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A positronium atom decays into two photons c+c=c

  1. Feb 24, 2006 #1
    A positronium "atom" decays into two photons c+c=c

    A positronium "atom" decays into two photons travelling antiparallel to each other, both at the speed c away from the origin of decay. How can one appreciate the fact that they are also travelling away from one another at the speed c?
  2. jcsd
  3. Feb 24, 2006 #2


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    Here is a [possibly unfamiliar] way to appreciate this... using rapidity, the additive parameter akin to an angle. In 1+1 Minkowski spacetime, as measure of separation between [future-pointing causal] "rays" from the origin, a light ray is infinitely far away from every other ray.... in the sense, one would have to boost by an infinite amount to get to or from that light ray. [It is along these lines that one can explain why one can never get a massive object to travel at the speed of light.]

    So, the left-traveling photon is infinitely far away (in rapidity) from the origin of decay... as well as infinitely far away (in rapidity) from the right-traveling photon.

    For a formula, one can write down the usual "relative velocity formula" in terms of the identity for the hyperbolic tangent of a difference of two rapidities [angles]. I'm too lazy to do this now.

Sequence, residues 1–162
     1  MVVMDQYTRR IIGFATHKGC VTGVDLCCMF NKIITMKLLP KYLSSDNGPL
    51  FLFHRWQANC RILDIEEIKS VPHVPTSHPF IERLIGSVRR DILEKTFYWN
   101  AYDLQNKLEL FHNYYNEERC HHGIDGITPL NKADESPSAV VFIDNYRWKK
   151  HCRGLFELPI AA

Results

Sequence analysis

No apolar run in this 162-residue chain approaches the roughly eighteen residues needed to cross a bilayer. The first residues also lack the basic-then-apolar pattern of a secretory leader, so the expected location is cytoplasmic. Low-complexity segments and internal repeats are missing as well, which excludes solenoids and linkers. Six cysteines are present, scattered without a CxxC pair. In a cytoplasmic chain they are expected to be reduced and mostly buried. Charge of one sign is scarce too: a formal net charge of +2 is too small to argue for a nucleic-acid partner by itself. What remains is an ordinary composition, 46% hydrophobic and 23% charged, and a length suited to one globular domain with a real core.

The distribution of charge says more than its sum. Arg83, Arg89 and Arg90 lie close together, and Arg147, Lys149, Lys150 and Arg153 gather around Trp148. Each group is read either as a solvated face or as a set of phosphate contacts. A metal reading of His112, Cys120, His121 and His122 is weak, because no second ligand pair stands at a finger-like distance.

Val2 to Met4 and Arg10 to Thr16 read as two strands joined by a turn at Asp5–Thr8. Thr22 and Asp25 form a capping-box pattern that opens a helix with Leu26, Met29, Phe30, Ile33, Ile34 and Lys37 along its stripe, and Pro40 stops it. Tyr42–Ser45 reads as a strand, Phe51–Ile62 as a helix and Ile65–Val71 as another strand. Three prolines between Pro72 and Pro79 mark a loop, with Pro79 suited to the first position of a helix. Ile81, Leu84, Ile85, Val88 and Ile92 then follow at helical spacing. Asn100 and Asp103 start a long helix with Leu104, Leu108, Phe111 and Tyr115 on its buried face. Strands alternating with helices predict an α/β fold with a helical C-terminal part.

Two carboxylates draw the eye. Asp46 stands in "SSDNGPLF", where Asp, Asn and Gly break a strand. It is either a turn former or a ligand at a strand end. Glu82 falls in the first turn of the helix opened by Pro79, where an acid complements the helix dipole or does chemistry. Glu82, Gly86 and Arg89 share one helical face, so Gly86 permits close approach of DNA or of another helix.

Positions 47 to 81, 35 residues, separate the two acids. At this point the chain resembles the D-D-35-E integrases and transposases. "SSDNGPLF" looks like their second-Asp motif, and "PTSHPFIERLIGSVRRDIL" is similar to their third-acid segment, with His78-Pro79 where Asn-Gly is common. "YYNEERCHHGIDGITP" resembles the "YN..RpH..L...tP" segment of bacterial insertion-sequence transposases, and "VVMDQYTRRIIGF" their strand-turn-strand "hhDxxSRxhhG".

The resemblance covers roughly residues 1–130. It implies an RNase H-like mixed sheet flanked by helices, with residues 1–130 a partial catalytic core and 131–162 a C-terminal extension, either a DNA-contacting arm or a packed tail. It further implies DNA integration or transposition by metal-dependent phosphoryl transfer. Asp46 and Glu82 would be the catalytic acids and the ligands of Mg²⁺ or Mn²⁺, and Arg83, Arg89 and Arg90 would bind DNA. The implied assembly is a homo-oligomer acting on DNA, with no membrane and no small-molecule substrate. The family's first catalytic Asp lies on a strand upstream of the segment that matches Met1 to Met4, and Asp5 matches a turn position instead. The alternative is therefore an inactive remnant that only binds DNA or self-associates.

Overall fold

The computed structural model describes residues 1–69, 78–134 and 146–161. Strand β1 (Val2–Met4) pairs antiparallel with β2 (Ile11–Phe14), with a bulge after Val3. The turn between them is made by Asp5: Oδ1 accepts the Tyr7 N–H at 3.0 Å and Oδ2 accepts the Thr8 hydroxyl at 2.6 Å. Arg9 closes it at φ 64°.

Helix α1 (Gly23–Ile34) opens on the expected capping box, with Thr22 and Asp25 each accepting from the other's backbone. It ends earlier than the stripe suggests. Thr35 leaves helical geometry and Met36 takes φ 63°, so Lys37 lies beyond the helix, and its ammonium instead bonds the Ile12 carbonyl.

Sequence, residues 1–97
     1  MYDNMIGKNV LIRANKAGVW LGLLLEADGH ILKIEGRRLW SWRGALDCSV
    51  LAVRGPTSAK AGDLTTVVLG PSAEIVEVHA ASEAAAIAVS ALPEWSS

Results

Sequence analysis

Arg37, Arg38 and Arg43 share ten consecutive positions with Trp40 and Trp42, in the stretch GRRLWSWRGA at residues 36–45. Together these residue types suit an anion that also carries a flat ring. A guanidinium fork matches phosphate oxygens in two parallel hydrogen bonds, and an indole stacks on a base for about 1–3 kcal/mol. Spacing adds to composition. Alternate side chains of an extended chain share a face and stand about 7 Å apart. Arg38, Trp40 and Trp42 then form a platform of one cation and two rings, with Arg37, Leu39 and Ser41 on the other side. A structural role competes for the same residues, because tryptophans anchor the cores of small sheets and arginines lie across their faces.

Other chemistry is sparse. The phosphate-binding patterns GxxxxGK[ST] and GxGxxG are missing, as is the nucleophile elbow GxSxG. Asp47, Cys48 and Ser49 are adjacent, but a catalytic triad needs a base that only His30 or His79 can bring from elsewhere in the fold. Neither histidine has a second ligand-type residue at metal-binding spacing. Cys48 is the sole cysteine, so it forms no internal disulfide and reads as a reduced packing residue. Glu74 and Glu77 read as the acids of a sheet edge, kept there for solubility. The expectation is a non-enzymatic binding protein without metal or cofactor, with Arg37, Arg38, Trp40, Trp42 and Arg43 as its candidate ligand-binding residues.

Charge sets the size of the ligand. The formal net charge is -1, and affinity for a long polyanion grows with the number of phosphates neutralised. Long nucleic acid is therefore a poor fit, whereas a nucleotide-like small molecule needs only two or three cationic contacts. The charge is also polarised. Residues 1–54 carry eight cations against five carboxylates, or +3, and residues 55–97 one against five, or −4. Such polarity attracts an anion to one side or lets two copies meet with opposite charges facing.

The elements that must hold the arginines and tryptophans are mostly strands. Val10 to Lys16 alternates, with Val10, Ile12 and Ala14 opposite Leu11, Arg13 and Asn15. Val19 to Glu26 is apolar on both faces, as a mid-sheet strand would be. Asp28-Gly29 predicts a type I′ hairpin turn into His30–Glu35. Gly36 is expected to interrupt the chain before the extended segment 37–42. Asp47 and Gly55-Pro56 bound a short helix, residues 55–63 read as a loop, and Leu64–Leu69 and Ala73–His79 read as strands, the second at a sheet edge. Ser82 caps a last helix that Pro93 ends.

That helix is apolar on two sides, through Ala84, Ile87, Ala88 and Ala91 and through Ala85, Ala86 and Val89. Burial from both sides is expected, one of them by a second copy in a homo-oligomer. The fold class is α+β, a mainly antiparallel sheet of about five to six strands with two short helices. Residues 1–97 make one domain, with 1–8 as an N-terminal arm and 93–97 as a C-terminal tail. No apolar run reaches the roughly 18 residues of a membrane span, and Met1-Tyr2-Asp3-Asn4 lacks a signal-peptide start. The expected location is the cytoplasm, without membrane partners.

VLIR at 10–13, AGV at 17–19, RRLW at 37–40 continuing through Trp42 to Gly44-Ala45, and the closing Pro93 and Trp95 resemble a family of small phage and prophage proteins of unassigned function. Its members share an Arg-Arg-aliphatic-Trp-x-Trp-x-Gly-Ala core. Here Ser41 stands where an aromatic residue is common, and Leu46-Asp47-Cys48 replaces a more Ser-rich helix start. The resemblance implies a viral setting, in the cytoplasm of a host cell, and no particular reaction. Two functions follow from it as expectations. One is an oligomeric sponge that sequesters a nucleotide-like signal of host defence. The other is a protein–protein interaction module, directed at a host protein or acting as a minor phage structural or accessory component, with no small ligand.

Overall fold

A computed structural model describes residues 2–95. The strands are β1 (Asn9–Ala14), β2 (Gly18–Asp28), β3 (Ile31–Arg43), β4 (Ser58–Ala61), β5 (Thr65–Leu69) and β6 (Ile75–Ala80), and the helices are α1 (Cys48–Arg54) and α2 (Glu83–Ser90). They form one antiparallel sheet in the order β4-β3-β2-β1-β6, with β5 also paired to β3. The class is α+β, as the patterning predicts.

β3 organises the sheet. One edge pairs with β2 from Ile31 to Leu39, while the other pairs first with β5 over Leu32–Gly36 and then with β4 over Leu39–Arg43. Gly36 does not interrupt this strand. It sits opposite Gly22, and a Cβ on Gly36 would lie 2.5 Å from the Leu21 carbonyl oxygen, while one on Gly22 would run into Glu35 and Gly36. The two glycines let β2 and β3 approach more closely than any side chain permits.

4. Feb 24, 2006 #3

    In the relativistic speed composition formula:

    w=(u+v)/(1+uv/c^2) make u=v=c

    It appears that this comes up all the time because "it offends our senses".
    What can you do, the laws of physics may be counterintuitive sometimes. :!!)
  5. Feb 25, 2006 #4
    Can any of you construct a schematic which demonstrates this addition of light speeds relative to the origin, resulting in light speed correlative to the photons themselves? That is, show the situation in picture form.
  6. Feb 25, 2006 #5
    The formula is a nonlinear function, (a type of hyperbolic surface) so, try using Mathematica :

  7. Feb 25, 2006 #6


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    In relativity, there is no inertial reference frame in which a photon is at rest. Therefore one cannot talk about the speed of a photon relative to another photon, in the same sense that one can talk about the speed of a photon relative to you or any other massive object (which speed is always c, of course).
  8. Feb 25, 2006 #7
    True. Despite this the formulas STILL hold.
    I can see what the author of this thread wanted: does the formula still hold for u=c and v=-c? The answer is "yes". (it will disappoint a lot of antirelativists). Here is why:

    w(u,-c)=(u-c)/(1-uc/c^2)=c! for ANY u (including u=c)
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